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This was the finish of their lives

I recently read this sentence and it appeared as odd to me.

For me, finish as a noun is closely related to races, as in finish line. In that context, it furthermore carries a sense of goal. I think that wouldn't be appropriate if someone's life is terminated. I think end of their lives would be more appropriate.

What is your opinion?

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    What makes you think this is about someone's life being terminated? – Lambie Feb 27 '20 at 15:22
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    More context and saying if the author was the native English speaker would help. – Jan Feb 27 '20 at 15:28
  • More context needed. Unless a phrase is a well-known idiom, they are only recognisable and understandable in context. – Astralbee Feb 27 '20 at 15:54
  • Definitely need more context. For example, if this was about them being in an actual race, one in which they showed a very extreme effort at the end of the race, that might be the (best) finish of their lives. Or something might have made their lives shine out dramatically, thus providing the finish (on the face of) their lives. And so on. – puppetsock Feb 27 '20 at 18:02
  • Or they might have tasted a beer, wine, gin, etc, which lingered very nicely in the mouth. – Michael Harvey Feb 27 '20 at 18:19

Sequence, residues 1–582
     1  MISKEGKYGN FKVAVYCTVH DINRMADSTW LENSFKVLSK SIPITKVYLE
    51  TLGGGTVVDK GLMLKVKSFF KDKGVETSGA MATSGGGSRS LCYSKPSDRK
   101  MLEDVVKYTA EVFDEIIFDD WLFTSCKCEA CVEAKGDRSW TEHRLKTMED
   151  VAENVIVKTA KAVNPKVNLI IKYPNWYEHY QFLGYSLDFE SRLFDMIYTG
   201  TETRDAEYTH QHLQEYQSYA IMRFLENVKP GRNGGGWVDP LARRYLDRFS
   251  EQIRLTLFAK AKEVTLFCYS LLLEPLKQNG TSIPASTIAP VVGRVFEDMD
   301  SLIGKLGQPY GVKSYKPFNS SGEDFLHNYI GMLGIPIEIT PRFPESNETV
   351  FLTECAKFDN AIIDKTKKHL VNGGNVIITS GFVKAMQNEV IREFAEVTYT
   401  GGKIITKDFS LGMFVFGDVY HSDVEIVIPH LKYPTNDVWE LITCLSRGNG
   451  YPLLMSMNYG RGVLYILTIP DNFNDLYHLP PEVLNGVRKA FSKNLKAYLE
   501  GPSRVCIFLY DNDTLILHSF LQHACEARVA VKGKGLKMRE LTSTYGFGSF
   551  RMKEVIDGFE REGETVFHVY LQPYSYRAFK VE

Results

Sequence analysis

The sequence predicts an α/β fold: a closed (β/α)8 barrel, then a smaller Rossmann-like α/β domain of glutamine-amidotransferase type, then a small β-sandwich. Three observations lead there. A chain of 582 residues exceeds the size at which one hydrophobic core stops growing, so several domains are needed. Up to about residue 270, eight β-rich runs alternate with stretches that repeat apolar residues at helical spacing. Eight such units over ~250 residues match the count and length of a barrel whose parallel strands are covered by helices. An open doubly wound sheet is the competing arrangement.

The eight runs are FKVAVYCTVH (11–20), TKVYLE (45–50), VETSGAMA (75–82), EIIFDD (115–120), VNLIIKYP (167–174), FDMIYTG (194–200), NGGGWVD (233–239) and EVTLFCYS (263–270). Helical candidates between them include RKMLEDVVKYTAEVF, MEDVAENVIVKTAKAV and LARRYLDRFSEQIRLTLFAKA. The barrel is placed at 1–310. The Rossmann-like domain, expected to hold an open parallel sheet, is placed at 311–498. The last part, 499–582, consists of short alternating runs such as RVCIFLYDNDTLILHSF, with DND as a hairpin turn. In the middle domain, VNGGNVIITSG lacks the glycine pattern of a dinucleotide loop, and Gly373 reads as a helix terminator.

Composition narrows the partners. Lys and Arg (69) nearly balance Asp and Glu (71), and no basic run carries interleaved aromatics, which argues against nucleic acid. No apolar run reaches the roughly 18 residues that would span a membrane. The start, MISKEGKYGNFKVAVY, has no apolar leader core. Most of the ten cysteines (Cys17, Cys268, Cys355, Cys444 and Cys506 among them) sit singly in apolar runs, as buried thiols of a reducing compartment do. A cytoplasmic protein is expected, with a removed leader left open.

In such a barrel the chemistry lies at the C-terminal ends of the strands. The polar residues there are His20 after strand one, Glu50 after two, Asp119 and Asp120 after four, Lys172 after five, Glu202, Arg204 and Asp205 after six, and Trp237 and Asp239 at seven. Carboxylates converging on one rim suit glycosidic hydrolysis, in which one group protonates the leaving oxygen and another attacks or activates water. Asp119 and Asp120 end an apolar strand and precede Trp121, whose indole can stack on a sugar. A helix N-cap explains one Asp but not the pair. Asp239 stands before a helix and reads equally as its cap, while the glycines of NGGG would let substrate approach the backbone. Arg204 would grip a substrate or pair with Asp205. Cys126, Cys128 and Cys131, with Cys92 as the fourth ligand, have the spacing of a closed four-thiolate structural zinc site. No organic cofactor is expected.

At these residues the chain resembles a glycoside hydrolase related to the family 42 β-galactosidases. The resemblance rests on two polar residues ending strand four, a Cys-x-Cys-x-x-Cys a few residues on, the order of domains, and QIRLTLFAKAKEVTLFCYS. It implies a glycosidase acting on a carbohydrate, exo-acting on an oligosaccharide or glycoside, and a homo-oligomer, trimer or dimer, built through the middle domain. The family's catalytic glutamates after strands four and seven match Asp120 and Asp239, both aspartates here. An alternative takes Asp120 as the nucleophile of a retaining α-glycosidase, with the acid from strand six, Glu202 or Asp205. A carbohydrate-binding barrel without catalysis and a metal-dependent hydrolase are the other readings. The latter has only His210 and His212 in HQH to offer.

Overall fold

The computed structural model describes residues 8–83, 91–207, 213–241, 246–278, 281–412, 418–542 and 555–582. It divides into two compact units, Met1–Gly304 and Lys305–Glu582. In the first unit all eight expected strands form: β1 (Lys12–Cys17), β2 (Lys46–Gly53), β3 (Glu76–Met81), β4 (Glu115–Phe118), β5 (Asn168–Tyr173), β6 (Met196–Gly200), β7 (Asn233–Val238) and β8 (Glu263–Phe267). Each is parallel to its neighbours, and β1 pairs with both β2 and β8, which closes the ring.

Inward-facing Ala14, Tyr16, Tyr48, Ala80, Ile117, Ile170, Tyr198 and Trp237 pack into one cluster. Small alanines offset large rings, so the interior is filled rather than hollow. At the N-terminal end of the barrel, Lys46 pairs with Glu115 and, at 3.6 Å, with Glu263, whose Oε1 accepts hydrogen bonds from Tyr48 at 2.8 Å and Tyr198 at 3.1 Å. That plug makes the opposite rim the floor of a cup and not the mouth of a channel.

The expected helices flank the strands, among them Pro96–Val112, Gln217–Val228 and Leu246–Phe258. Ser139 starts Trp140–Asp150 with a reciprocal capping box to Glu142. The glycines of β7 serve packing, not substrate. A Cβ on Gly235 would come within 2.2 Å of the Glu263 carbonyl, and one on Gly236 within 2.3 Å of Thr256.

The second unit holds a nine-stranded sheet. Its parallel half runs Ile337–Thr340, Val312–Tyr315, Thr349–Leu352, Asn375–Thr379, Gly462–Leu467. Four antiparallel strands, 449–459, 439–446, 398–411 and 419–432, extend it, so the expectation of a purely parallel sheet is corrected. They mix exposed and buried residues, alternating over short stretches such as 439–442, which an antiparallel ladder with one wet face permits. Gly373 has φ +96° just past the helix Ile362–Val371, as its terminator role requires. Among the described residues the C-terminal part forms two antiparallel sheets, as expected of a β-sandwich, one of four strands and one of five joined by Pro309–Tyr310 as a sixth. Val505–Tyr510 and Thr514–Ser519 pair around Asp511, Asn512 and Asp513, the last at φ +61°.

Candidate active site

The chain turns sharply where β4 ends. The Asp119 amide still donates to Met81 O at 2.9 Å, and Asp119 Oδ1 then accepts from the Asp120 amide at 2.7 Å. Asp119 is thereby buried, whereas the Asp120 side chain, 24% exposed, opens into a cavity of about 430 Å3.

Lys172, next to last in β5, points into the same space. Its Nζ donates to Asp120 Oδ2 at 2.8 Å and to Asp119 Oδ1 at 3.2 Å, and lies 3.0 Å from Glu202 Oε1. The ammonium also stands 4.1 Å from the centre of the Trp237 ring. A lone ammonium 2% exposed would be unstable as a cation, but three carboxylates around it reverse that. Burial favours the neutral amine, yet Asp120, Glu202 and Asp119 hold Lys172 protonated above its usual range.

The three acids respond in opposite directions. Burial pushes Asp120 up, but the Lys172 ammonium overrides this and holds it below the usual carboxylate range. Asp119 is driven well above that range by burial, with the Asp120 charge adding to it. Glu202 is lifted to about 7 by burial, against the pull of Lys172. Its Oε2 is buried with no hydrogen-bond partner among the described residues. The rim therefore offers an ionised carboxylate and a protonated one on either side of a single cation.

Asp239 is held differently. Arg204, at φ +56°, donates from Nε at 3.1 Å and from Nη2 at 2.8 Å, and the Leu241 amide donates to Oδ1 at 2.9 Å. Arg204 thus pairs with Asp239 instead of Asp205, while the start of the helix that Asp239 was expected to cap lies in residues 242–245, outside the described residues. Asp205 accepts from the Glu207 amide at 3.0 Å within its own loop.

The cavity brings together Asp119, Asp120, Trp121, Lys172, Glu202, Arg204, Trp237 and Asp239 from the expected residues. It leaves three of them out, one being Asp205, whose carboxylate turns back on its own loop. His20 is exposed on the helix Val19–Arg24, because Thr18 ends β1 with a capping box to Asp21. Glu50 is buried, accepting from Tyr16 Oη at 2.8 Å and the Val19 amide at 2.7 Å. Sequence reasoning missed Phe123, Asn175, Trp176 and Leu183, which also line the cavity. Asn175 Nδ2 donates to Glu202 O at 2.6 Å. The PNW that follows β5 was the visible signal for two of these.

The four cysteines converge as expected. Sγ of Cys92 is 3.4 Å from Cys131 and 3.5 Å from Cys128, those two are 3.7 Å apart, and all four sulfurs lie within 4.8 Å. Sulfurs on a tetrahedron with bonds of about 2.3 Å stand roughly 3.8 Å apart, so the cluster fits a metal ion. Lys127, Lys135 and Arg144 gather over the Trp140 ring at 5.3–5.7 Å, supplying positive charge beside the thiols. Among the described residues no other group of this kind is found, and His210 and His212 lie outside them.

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There's no need to focus on specific "unusual" contexts such as when someone's life is terminated. All you need to know is that we almost always use end rather than finish to refer to the final part of any time-span, sequence of actions, etc...

It may be worth noting that the most common words in the relatively uncommon sequence the finish of the XXXX are race, stroke, work, first, surface. I think it's significant that the fifth most common sequence (the finish of the surface) is a significantly different sense - referring to the final coat of varnish / glaze / etc. on some treated / layered surface, or perhaps the appearance of that surface after polishing or sanding smooth (or even just the feel of, say, fabric after ironing with spray starch).


TL;DR: Stick to the end of XXXX. Forget about ever using finish in such contexts.

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